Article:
The Need to Remember That Death Is a Human and Personal Event, and Not Just a Medical One

Dying & Death Talk

Courtesy of On Being By Krista Tippett | By Krista Tippett | Originally Published 04.29.2012 | Posted 12.20.2017

It’s difficult to believe these days, when so many of us have had some experience of moving toward death with a loved one in hospice, or even a stranger on the CaringBridge website, how “badly” people died in this country until very recently. That’s the word Dr. Ira Byock uses. He began his life in emergency and family medicine and recalls that when people were deemed to be dying — when what was wrong with them was beyond “fixing” — they too often died in pain in the hospital or were simply sent home. Doctors practicing now still recall their training, implicit and explicit, that death was a failure of the body, and of medicine. We turned away from it, scientifically and culturally.

The palliative care and hospice movement arose first…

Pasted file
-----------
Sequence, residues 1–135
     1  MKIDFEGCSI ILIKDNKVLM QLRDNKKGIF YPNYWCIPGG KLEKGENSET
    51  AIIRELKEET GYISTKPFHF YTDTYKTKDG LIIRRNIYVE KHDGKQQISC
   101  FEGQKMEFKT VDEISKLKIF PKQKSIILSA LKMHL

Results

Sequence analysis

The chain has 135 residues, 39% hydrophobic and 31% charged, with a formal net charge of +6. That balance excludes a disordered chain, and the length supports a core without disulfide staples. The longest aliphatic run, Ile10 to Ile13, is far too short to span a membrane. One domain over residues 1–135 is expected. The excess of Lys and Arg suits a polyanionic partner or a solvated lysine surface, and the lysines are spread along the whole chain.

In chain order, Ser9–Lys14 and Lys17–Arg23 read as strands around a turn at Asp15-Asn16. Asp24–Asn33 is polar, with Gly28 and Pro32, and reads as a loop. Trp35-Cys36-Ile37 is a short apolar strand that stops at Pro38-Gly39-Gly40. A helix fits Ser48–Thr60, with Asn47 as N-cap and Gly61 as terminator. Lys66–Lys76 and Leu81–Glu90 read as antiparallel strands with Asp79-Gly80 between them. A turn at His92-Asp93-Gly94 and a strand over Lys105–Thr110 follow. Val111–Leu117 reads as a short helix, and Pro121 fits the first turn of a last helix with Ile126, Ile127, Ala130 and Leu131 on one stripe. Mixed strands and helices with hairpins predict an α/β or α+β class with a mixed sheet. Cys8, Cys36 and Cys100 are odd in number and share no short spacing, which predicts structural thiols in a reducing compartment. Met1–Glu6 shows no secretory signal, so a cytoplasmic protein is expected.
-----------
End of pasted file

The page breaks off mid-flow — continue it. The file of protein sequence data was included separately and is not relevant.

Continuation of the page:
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About Sue Rosenbloom, M.A., C.T.

Thanatologist: Loss and Grief Coach - My blog is for educational purposes only. I am not a licensed professional counselor - Bachelor of Arts in Human Studies - Marylhurst University (2007)- Certificate in Thanatology - Hood College (2008) Master of Arts in Thanatology - Hood College (2009) Certificate in Thanatology - The-Association for Death Education and Counseling (The highest level of loss and grief education). * Hospice, Alzheimers and Senior's Advocate * Former first responder for Trauma Intervention Program, Inc. (TIP) * Hospice and Bereavement Volunteer for Providence Hospice Bereavement Program * Association for Death Education and Counseling Member * National Alliance for Bereavement of Children * Hood College Thanatology Association * American Group Psychotherapy Association * Marylhurst Gerontolgy Association * Oregon Gerontology Association * Hospice, Loss, Grief and Bereavement Researcher * Creative Writer
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